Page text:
I’m going to let you in on a little secret. If you’re coming late to church, you’re missing out.
I don’t think we understand just how valuable worshiping God is. One of the common mistakes made today is to believe that Jesus died only to save us from punishment. The reality is that Jesus came to do much more: he came to make all things right. And we are only truly “right” when we worship God.
Our one great need is not comfort or security. Our great need, what we were designed for above all else, is to give ourselves in adoration and obedience to our Creator who loves us more than we can imagine. We are only fully human when all of our lives, whether work or rest, whether alone or together, is lived in worship of the Triune God.
And while we were meant to experience all of life as worship of God, there is something especially important in what happens on Sunday morning. When we gather together, it’s not just a time when we hear a sermon after a few introductory songs—church is more than a sermon delivery device! No, when we gather, in a mysterious but real way, God draws near to us in love, and he invites us to become ourselves: he kindly calls us to worship him, surprisingly telling us that even our flawed, inadequate worship will be pleasing to him.
And that means every part of the service—even the very beginning!—is sacred and brimming with grace. Just think—every week we get to hear God invite us to meet with him in the call to worship. Every week we have the chance to pause together as God’s people and simply dwell in that amazing reality before responding to our God in musical adoration. Every week we have the privilege of experiencing the powerful Spiritual bonds of unity in Christ as we greet each other. And that’s just the first few minutes of our service.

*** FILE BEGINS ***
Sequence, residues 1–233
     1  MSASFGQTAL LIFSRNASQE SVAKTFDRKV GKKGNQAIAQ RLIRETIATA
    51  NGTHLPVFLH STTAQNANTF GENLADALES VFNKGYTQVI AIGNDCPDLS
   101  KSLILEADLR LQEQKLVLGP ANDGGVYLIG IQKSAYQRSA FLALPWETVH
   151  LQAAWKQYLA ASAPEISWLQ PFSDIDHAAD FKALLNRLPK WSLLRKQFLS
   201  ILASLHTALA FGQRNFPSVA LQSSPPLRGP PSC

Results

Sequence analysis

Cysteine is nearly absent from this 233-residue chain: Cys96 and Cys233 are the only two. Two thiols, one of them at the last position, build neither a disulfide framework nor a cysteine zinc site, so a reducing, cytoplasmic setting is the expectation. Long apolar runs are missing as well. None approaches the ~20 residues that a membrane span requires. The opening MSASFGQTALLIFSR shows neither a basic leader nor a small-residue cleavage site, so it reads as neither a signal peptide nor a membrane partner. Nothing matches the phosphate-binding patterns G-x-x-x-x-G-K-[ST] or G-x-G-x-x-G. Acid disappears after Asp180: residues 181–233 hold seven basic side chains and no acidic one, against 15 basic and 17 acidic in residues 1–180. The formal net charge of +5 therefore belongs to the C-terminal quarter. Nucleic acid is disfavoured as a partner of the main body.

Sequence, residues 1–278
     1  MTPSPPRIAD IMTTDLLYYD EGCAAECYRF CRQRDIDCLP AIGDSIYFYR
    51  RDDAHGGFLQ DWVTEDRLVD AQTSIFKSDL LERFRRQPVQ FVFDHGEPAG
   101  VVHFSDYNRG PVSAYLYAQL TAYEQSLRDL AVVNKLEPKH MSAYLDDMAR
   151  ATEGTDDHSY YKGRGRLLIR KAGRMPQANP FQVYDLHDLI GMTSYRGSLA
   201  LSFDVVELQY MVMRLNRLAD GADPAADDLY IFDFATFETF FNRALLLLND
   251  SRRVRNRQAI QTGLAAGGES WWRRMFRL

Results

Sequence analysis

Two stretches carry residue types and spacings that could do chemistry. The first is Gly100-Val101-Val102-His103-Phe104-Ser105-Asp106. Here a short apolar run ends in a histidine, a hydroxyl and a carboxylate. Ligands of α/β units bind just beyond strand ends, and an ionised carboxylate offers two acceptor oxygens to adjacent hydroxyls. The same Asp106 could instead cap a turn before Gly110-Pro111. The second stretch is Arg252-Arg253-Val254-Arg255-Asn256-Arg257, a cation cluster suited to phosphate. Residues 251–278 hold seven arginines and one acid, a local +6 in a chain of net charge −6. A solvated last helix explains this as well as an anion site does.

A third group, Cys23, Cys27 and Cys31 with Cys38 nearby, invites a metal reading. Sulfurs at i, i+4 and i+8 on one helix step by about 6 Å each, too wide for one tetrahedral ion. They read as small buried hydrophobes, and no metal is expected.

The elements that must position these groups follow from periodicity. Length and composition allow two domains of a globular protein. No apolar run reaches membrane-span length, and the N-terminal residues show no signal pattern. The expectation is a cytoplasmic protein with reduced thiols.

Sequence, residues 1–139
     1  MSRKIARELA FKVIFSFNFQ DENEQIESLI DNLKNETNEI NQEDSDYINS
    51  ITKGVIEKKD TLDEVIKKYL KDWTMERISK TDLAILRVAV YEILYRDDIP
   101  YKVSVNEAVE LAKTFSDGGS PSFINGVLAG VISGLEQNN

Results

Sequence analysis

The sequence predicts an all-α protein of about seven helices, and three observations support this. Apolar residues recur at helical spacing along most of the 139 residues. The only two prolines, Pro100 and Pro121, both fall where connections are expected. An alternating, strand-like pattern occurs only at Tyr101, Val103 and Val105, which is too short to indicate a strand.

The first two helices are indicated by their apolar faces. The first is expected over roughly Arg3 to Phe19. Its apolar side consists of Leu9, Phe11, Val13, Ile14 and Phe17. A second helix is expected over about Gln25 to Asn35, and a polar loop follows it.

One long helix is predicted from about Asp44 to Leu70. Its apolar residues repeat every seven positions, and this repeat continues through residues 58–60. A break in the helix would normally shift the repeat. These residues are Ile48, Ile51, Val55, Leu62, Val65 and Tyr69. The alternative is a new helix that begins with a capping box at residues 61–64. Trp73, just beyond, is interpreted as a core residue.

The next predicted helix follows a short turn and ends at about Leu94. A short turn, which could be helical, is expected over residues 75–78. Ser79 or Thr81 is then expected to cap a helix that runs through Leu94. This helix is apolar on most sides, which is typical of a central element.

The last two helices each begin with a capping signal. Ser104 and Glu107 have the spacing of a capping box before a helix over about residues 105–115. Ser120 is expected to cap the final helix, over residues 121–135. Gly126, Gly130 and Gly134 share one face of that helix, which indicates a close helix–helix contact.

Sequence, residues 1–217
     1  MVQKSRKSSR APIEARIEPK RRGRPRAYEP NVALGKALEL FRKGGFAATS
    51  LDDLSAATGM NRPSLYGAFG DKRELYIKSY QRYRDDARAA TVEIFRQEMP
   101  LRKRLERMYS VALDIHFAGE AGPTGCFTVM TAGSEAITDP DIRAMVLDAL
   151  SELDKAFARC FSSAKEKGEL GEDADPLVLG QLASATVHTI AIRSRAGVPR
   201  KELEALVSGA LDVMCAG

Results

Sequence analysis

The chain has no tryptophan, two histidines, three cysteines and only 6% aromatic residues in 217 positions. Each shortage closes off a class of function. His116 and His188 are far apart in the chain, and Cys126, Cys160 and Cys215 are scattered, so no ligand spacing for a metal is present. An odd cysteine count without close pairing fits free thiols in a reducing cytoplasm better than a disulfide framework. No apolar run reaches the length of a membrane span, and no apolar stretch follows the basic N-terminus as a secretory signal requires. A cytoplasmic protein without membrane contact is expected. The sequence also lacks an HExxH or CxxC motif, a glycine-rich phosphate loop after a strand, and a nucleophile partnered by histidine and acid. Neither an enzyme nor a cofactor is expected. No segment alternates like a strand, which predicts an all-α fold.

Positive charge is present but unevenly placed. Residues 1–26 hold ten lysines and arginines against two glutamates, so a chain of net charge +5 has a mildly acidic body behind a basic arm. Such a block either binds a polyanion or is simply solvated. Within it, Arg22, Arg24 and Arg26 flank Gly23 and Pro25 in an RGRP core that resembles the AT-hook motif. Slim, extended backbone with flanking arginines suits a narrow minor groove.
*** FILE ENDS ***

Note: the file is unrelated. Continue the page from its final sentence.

I realize that Sunday mornings are hard, especially if you have children, and that it’s not always possible to get to church on time. But I also realize that sometimes we can be so accustomed to the generosity of God that we fail even to notice it. In the way we organize our lives, we fail to take hold of the good gifts that God would have us enjoy, including the gift of corporate worship.
My desire is that all of us (including myself!) could gain a vision for just how precious every part of our corporate worship is, so that in all of it, from beginning to end, we together would experience the joy of being truly human, worshipers of the Triune God.
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